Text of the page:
Posted: July 11, 2008
Astronomers have found a rare galaxy located in the remote Universe that is pumping out stars at a rate of up to 4,000 per year, defying the most common theory of galaxy formation.
According to the Hierarchical Model of galaxy formation, galaxies slowly bulk up their stars over time, but in blatant disrespect of this rule the “Baby Boom” galaxy has spawned its stars in one frenetic burst. The galaxy belongs to the starburst class of galaxies and has now been crowned the ‘brightest starburst galaxy in the Universe’. Brightness is indicative of a high rate of star formation.
"This galaxy is undergoing a major baby boom, producing most of its stars all at once," says Peter Capak of NASA's Spitzer Science Centre at the California Institute of Technology. "If our human population was produced in a similar boom, then almost all of the people alive today would be the same age."
The Baby Boom galaxy as seen by the Spitzer and Subaru telescopes. The green and red colours represent the most active star-forming regions. Blue colours show galaxies in the foreground that are not producing many stars. Image: NASA/JPL-Caltech/ Subaru.
The galaxy was observed with an armada of telescopes operating at a range of wavelengths, including NASA's Hubble Space Telescope, the Spitzer Space Telescope, the Very Large Array (VLA) in Mexico and the Keck, James Clerk Maxwell (JCM) and Subaru telescopes in Hawaii.
Astronomers knew they were on to something special as the galaxy stood out as a bright smear in their images. Young stars shine with an excess of ultraviolet light and produce a lot of dust, which warms up and re-emits light at infrared and sub-millimetre wavelengths, which made the galaxy unusually bright to Spitzer and the JCM Telescope.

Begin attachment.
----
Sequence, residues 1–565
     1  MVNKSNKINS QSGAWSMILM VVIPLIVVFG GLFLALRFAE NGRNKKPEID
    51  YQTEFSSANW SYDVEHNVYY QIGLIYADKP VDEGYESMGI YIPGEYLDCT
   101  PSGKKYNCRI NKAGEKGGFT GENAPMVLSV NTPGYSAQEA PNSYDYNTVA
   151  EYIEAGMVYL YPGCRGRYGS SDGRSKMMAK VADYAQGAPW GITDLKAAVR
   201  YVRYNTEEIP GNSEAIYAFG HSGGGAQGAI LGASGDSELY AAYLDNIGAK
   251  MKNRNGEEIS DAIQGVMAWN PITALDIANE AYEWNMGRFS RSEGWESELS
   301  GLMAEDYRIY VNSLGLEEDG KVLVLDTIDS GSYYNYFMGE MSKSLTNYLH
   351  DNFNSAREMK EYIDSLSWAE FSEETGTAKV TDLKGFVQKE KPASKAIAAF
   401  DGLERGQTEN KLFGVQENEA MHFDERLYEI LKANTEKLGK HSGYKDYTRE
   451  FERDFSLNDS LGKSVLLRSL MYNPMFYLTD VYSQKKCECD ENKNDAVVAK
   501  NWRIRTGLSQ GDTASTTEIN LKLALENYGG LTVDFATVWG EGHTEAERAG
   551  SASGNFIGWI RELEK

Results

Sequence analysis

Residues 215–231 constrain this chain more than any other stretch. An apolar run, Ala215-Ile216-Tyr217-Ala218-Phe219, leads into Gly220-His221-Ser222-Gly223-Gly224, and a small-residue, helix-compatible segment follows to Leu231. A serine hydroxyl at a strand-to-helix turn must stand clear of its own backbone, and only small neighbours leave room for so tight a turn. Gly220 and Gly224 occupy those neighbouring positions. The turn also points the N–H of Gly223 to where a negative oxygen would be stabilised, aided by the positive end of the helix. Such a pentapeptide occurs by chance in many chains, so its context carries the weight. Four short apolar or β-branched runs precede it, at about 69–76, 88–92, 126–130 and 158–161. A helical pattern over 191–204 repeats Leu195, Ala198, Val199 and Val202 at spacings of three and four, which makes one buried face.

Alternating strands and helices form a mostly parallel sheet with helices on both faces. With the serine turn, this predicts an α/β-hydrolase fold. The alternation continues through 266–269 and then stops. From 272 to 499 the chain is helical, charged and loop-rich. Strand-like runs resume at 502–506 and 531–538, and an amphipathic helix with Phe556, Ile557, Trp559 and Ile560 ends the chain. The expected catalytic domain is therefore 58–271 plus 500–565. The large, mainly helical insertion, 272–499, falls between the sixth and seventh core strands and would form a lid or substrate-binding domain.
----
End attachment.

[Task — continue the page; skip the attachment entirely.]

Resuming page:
Using the Keck telescope, the astronomers were able to pinpoint the galaxy’s location to a distant 12.3 billion light years; they were looking at a period of rapid star formation when the Universe was just 1.3 billion years old. Thanks to combined observations from the VLA, Spitzer and JCM telescopes, they also calculated a star-forming rate of between 1,000 and 4,000 stars per year. At that rate, the galaxy needs only a brief 50 million years to grow into a galaxy equivalent to the most massive ones we see today. While our own Milky Way Galaxy produces a modest 10 stars per year, galaxies in our nearby Universe can produce stars at comparable rates to the Baby Boom galaxy, and the farthest one known before now was about 11.7 billion light-years away.
"Before now, we had only seen galaxies form stars like this in the teenaged Universe, but this galaxy is forming when the Universe was only a child," says Capak.
The Baby Boom galaxy resembles the galaxy shown here - Zw II 96. Frenetic bursts of star formation in these galaxies is thought to arise from the collisions of multiple galaxies with one another. Evidence from Hubble shows that Baby Boom is also the result of a galactic merger. Image: NASA, ESA, the Hubble Heritage Team (STScI/AURA)-ESA/Hubble Collaboration and A. Evans (University of Virginia, Charlottesville/NRAO/ Stony Brook University).
The result raises the question of whether the majority of the most massive galaxies form very early in the Universe like the Baby Boom galaxy, or whether this is an exceptional case. Answering this question could require the Hierarchical Model of galaxy formation to be reconsidered.
"The incredible star-formation activity we have observed suggests that we may be witnessing, for the first time, the formation of one of the most massive elliptical galaxies in the Universe," says Nick Scoville of Caltech, Capak's co-author on the paper which describes the observations, published in the July 10 issue of Astrophysical Journal Letters.